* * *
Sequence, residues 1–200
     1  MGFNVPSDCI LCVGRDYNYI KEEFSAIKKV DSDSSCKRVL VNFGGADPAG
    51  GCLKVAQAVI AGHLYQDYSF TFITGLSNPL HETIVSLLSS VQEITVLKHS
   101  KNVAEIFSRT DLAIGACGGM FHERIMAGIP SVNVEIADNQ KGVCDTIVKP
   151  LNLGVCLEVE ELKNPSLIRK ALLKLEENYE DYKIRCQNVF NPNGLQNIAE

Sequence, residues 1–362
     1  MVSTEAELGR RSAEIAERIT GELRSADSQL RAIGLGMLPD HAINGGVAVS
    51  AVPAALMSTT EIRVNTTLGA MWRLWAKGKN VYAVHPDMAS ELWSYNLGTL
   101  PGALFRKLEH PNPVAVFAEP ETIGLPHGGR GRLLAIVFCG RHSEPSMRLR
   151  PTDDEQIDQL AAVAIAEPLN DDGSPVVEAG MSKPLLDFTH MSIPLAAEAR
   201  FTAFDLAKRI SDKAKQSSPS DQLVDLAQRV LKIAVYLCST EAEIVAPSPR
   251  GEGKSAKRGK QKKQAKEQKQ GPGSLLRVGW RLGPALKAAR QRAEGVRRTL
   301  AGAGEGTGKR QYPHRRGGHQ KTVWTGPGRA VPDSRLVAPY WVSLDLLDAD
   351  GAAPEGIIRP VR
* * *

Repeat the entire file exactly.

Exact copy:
Sequence, residues 1–200
     1  MGFNVPSDCI LCVGRDYNYI KEEFSAIKKV DSDSSCKRVL VNFGGADPAG
    51  GCLKVAQAVI AGHLYQDYSF TFITGLSNPL HETIVSLLSS VQEITVLKHS
   101  KNVAEIFSRT DLAIGACGGM FHERIMAGIP SVNVEIADNQ KGVCDTIVKP
   151  LNLGVCLEVE ELKNPSLIRK ALLKLEENYE DYKIRCQNVF NPNGLQNIAE

Sequence, residues 1–362
     1  MVSTEAELGR RSAEIAERIT GELRSADSQL RAIGLGMLPD HAINGGVAVS
    51  AVPAALMSTT EIRVNTTLGA MWRLWAKGKN VYAVHPDMAS ELWSYNLGTL
   101  PGALFRKLEH PNPVAVFAEP ETIGLPHGGR GRLLAIVFCG RHSEPSMRLR
   151  PTDDEQIDQL AAVAIAEPLN DDGSPVVEAG MSKPLLDFTH MSIPLAAEAR
   201  FTAFDLAKRI SDKAKQSSPS DQLVDLAQRV LKIAVYLCST EAEIVAPSPR
   251  GEGKSAKRGK QKKQAKEQKQ GPGSLLRVGW RLGPALKAAR QRAEGVRRTL
   301  AGAGEGTGKR QYPHRRGGHQ KTVWTGPGRA VPDSRLVAPY WVSLDLLDAD
   351  GAAPEGIIRP VR